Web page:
The Galleria di Palazzo Reale (00 39 010 27102; www.palazzorealegenova.it) at via Balbi 10 is an opulent palace built in the early 17th century for one of Genoa's most influential families, the Balbis. One stunning feature is its gallery of mirrors. The museum is open Monday and Tuesday, 8.15am-1.45pm and Wednesday to Sunday, 8.15am-7.15pm; admission is €4 (£2.80). The Palazzo Spinola (00 39 010 270 5300) on Piazza Pellicceria, another fabulous example of a grand Genoese residence, hasworks by artists such as Rubens and Van Dyck; admission is €4 (£2.80), and the gallery is open Tuesday to Saturday from 9am-8pm and Sunday 1pm-8pm. Via Garibaldi is Genoa's grandest street, designed in the1500s as a neighbourhood for the Genoese elite. Many of its palazzos are banks and insurance companies, and can't be visited, but you can wander inside the vast courtyard of the Palazzo Doria Tursi, now the municipal offices. The nearby Galleria di Palazzo Bianco (00 39 010 557 2013), contains many important Genoese and Flemish works by the likes of Caravaggio, Rubens and Veronese; admission is €3.10 (£2.20), open Tuesday to Friday 9am-7pm, Saturday and Sunday 10am-7pm.


Genoa doesn't boast quite as many upmarket shops as some other Italian cities, but you can get a respectable designer fix along via Roma and the beautiful Galleria Mazzini. The menswear shop Finollo (00 39 010 562 073), at via Roma 38R, is worth a stop for its interior alone. La Tavola del Doge (00 39 010 562 880), beside the Palazzo Ducale, is a shop selling produce from all over Liguria, including olive oil, wine, pestos and other delicious things to take home. It's open daily (except Monday), 9am-7pm.


The Piazza delle Erbe is popular spot for pre- and post-dinner drinks. Bar Berto (00 39 010 275 8157), has Liberty-style furniture and has been open since 1904. It is a favourite spot at which to sip glasses of the local wine.


The region is probably best known for giving the world pesto sauce. A good example can be found at Il Pampino Vino e Cucina , via Ruspoli (00 39 010 588 402). It also serves regional specialities such as chestnut flour pasta and ravioli with artichoke sauce. La Berlocca (00 39 010 247 4162) , via dei Macelli di Soziglia, 45R, is a small osteria, with a slightly more modern menu and some great fish costing around €20 (£14) per person. If money is tight head to Da Maria (00 39 010 581 080), vico Testadoro, where you can get a tasty three course meal with a carafe of wine for €8 (£5.30) per person.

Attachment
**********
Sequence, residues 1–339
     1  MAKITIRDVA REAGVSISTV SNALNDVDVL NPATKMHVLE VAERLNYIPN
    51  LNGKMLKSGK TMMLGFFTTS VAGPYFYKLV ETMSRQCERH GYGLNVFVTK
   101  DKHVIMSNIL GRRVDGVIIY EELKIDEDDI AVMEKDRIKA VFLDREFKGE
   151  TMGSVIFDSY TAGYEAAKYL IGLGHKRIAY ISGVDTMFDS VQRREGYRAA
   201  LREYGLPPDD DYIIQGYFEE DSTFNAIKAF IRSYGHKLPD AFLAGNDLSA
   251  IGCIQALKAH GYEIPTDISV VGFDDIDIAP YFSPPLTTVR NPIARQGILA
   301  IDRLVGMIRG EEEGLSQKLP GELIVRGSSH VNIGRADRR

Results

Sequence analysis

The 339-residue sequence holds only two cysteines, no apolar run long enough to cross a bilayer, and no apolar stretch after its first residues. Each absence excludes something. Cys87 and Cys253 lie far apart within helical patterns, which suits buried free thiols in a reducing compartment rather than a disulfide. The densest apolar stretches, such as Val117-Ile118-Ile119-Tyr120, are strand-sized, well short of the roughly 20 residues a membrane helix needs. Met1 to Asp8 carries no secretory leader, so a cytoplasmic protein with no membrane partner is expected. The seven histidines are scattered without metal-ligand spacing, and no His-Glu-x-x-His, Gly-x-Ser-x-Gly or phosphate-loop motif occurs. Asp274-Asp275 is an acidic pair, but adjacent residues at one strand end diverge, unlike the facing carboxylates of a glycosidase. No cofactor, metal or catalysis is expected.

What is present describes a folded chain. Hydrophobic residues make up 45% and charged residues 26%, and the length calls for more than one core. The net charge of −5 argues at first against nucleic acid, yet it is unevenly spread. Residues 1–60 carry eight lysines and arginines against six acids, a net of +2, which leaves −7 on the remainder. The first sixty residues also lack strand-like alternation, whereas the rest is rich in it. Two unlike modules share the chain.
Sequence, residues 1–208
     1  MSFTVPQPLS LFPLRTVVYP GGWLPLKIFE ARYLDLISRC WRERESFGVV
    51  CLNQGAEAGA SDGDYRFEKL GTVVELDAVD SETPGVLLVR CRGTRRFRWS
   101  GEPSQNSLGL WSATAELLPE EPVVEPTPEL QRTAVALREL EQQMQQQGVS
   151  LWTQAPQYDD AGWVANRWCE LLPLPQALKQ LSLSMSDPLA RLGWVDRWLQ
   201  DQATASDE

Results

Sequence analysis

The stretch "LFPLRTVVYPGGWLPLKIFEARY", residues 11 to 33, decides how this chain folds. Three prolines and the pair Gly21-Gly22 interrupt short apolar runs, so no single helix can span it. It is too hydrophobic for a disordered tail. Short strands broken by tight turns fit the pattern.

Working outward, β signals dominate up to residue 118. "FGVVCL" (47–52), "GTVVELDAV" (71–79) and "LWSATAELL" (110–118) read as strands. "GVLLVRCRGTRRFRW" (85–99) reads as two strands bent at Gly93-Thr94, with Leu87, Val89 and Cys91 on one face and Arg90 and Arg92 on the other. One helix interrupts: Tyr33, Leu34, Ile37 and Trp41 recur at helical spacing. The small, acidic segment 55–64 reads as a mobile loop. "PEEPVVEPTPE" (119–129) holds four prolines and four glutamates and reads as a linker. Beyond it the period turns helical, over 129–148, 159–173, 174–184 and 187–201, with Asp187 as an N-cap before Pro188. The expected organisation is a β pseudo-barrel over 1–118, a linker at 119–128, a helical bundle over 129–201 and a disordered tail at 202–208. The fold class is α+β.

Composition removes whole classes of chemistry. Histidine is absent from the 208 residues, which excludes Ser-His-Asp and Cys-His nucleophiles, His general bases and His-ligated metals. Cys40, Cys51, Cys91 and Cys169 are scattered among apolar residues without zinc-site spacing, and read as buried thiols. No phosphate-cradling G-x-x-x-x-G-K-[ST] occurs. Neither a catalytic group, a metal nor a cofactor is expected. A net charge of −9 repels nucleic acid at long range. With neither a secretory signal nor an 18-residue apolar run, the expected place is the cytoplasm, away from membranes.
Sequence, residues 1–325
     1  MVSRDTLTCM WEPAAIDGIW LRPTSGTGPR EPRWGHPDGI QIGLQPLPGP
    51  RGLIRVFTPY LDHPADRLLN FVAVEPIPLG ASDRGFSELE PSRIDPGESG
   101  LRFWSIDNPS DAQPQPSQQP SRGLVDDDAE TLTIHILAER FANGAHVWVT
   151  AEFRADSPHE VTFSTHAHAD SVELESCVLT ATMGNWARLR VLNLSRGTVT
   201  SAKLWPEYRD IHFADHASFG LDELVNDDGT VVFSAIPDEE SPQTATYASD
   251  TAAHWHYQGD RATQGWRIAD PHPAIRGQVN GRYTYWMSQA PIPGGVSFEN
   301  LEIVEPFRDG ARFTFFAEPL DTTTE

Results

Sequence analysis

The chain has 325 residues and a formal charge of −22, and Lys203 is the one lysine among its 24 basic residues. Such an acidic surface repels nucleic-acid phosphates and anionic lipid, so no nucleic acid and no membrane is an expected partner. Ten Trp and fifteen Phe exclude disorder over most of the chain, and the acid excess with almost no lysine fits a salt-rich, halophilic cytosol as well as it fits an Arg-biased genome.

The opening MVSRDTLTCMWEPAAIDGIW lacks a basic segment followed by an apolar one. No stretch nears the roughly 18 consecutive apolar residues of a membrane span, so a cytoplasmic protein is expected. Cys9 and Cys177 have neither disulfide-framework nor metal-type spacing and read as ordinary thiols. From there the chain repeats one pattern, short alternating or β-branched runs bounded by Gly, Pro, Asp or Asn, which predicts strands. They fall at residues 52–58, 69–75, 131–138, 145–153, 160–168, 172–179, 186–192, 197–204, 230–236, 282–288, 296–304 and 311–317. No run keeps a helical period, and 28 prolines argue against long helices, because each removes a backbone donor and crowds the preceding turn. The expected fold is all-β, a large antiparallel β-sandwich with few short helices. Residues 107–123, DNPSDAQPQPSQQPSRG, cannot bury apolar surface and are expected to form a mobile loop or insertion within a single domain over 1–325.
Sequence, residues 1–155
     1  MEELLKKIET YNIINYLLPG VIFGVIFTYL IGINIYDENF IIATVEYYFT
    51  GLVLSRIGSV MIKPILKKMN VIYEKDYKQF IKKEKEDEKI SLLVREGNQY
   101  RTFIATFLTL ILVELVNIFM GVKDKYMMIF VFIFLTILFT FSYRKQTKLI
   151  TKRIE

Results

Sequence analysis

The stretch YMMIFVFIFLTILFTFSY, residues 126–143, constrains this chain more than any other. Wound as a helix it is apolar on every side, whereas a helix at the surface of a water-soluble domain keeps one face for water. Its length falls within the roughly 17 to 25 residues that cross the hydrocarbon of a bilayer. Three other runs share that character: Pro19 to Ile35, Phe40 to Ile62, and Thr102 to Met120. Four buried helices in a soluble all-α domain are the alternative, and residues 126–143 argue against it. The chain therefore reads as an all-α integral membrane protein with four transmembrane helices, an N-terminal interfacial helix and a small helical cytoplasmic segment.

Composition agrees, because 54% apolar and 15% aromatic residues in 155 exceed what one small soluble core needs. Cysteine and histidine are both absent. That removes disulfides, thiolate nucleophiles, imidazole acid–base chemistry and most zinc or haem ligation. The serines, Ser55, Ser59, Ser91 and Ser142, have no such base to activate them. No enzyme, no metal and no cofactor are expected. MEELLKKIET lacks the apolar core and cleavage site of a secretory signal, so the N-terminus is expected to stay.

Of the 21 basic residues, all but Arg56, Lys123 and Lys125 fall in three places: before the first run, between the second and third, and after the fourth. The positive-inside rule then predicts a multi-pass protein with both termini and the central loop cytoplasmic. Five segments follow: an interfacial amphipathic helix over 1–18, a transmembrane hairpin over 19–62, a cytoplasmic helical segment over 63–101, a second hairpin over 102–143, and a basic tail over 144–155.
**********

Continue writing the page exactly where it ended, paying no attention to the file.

Italians don't really do brunch, but Genoa excels at confectionery - a tradition brought from the Middle East during its trading heyday. Caffe-Pasticceria Klainguti (00 39 010 296 502), Piazza Soziglia 98R is its most famous bakery. Order a cappuccino and one of its sweet hazelnut-filled Falstaff croissants, a favourite of Verdi. There is even a note from the composer saying "your Falstaff is better than mine".


One of Genoa's most recognisable landmarks is the Cattedrale di San Lorenzo on Piazza San Lorenzo, with its striking black slate and white Carrara marble exterior. Part dates from the 12th century, but many of the exterior Gothic flourishes were added later. Its Renaissance chapel is reputed to have contained the ashes of St John the Baptist. In the 17th century, many of Genoa's Romanesque chapels were remodelled in Baroque style. One of the few surviving unchanged is the austere San Donato , on via San Donato.


Take the steep funicular railway line, departing every 20 minutes from Largo Zecca to the suburb of Righi, for a one-way fare of 50 cents (35p). You'll get spectacular views of the city and hills. If you are feeling energetic you can walk back down.


Take the train from Brignole station a 15-minute ride east to the pretty seaside suburb of Nervi for a fare of €2 (£1.25). Stroll around the rose gardens of the Villa Grimaldi Croce, one of several grand villas in the area. Admission free.


The historic Ferrovia Genova-Casella narrow-gauge railway (00 39 010 837 321; www.ferroviagenovacasella.it) starts from the station at Piazza Manin : €1.80 (£1.20) buys a one-way 25km ride to the town of Casella at the foot of Monte Maggio in the Apeninnes, past stunning sea views and glimpses of the "entroterra", or wooded hills.


Choose a card of the city's most famous son, Christopher Columbus, and sip coffee outside the historic Caffe Mangini (00 39 010 88 57 30) as you write under the watchful eye of a statue of Vittorio Emanuele II.